Thoughts On Bad Reviews for the Movie “Crossing Over”

We watched the movie Crossing Over a couple of weeks ago at home. It’s come out fairly recently on DVD.

The acting, writing and direction seemed topnotch to my wife and me. It’s a movie similar to Crash in that there are multiple threads, with stories that sometimes wind together and, differently from Crash , sometimes not. But the theme of immigrants struggling to make it in America, often illegally or through subterfuge, gives the picture cohesion.

A Man of Heart

Harrison Ford portrays a man of heart in a difficult position as an immigration officer, often leading raids against sweatshops full of illegal aliens. Occasionally he is tempted to look the other way out of pity or compassion for the desperate seeking any chance.

Despite my wife’s misgivings about his character in real life, in this movie Ford’s acting shows a man struggling to do the right thing, and failing often enough. It’s rare to find this kind of portrayal in Hollywood movies anymore.

I think of the trailer we saw on the same DVD which marketed a World War II movie called Inglourious Basterds, starring Brad Pitt, and apparently named by someone who writes on the web. Brad Pitt strides back and forth before a group of soldiers proclaiming how they will torture and maim every German they come across to show the Nazis how it’s done. I recall something about the brave Pitt requiring each soldier to bring him 100 scalps (“and I like my scalps”). It is directed by Quentin Tarentino, that completely overrated director who thinks there is something lyrical and giggly about bloodletting and causing people agony. I find his movies agonizing.

The contrast in tone between that trailer and the rare Hollywood attempt of Crossing Over to admit the complexity of life and its pain in the character that Ford portrays could not have been more stark.

We had also watched Clint Eastwood’s Gran Turino the week before, another interesting movie about immigrants and America. It was more focussed in its story, and a little too pat in the Hollywood style, but it’s Clint refining what he’s always done, and it’s got some great moments.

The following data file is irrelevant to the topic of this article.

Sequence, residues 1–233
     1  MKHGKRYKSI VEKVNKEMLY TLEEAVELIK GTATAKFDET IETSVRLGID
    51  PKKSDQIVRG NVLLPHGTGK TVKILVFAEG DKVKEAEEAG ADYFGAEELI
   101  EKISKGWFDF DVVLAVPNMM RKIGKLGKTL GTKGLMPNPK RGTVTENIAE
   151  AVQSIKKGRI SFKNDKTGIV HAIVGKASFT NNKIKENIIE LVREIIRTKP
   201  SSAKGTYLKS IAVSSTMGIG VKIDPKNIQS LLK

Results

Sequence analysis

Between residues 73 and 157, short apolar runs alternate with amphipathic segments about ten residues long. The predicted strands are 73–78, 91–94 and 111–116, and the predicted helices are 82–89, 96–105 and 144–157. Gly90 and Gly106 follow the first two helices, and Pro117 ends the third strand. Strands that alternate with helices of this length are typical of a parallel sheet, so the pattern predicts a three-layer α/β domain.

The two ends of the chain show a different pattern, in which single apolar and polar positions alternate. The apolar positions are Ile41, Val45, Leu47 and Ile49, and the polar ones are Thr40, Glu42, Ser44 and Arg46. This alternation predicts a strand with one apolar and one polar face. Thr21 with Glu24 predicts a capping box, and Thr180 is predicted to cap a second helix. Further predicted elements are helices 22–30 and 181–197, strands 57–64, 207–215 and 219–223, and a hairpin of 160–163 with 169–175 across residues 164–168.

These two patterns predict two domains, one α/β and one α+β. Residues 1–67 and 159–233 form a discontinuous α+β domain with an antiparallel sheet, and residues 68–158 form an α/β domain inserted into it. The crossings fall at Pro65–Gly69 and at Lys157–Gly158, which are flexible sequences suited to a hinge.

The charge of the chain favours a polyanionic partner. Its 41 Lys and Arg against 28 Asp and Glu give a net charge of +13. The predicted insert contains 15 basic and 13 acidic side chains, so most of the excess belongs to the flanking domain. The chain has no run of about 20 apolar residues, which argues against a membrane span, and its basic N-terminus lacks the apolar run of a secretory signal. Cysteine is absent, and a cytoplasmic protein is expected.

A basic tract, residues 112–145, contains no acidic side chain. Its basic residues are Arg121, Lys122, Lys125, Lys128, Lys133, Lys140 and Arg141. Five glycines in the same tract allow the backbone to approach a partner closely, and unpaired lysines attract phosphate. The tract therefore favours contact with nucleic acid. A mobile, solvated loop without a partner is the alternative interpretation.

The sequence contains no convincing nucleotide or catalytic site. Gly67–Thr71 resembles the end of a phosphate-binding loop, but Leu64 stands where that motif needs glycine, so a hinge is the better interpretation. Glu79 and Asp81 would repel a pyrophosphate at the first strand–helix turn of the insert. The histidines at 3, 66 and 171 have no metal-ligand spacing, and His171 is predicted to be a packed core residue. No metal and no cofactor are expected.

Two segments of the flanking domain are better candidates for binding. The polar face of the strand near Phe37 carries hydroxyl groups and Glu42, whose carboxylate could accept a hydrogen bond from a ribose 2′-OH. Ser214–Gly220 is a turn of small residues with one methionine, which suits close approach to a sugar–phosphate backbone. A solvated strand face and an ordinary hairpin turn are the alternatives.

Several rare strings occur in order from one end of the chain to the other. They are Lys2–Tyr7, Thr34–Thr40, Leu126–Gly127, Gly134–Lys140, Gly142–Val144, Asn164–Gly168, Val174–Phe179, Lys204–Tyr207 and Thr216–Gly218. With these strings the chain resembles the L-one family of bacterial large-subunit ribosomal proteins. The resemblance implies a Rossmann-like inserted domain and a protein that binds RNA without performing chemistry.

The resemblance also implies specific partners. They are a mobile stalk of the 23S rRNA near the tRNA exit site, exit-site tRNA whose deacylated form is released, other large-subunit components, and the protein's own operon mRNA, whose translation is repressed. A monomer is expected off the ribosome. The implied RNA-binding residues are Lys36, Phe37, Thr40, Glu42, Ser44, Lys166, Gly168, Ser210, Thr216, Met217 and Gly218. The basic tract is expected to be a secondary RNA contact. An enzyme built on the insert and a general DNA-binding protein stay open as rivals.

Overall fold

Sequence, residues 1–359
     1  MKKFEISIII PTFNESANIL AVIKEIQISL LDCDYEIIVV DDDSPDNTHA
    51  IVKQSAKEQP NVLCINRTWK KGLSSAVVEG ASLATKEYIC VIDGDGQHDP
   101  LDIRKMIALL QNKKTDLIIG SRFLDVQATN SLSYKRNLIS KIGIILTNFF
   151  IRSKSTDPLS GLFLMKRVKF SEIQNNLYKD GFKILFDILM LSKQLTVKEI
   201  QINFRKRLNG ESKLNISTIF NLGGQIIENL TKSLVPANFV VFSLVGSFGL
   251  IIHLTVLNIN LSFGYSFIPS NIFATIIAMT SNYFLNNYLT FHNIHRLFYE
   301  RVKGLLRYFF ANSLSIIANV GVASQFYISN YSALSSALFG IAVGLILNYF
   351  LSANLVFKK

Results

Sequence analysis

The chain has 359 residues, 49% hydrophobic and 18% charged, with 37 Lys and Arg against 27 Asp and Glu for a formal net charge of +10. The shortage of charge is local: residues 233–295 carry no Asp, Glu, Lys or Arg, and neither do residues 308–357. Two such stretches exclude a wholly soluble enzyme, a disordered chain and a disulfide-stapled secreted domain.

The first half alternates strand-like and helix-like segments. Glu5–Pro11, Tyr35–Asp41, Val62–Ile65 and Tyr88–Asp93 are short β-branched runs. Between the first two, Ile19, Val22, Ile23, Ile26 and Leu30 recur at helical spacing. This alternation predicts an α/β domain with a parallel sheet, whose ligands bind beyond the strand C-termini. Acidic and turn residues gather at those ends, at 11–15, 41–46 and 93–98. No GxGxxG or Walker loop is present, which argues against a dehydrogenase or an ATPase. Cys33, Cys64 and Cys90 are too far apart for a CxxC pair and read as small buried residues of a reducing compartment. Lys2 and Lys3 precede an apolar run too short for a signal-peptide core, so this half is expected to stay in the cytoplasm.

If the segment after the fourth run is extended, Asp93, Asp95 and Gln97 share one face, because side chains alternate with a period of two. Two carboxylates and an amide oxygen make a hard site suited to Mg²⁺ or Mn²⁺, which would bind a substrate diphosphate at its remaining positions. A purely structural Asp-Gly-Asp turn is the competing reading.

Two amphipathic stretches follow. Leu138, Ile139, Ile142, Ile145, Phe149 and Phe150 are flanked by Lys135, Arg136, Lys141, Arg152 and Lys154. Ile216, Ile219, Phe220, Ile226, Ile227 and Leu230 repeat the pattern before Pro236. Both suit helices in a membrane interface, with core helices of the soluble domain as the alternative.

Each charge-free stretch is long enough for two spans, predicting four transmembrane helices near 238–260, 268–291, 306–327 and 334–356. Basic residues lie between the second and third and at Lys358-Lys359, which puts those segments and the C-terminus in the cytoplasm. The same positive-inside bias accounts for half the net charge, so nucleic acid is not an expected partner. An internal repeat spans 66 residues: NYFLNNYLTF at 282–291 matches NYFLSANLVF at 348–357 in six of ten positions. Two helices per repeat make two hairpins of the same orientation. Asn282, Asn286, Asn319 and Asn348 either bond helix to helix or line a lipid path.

Multiple Stories

Crossing Over’s multiple stories sprawl about, and come to resolution, although sometimes without Ford’s character involved at all. Maybe that’s a weakness, but it brought enjoyable variety and leavened the darkness. The theme of making it, or not, in the New World, holds the whole thing together.

I went over to Metacritic to see how the movie was reviewed. Metacritic is a compilation of reviews site. They adjust every review to a score out of a 100, and color code red, yellow and green, meaning bad, indifferent and good. The ranges of scores they choose for those colours seems to vary quite a bit by subject area. For music CDs for instance, the majority of reviews are green, with a smattering of yellows and almost no reds. DVDs though (which they rate separately from movies) are mostly red with almost as many yellows and a few greens.

But I was still surprised to find that the average review score for Crossing Over was deep in the red zone.

I try to understand this. Why did this movie, which to me might someday be considered a classic, and which moved my wife and me more than most recent movies, become so badly reviewed?

A few of the more positive reviews acknowledged Ford’s acting, and that of the other players, and the surprising turns of the stories that weave through each other. Other reviews, though, called it patronizing, heavy handed, a mess. The Wall Street Journal says, “[Director] Wayne Kramer’s interlocking saga of immigration in 21st-century America definitely crosses over, from workaday mediocrity to distinctive dreadfulness.”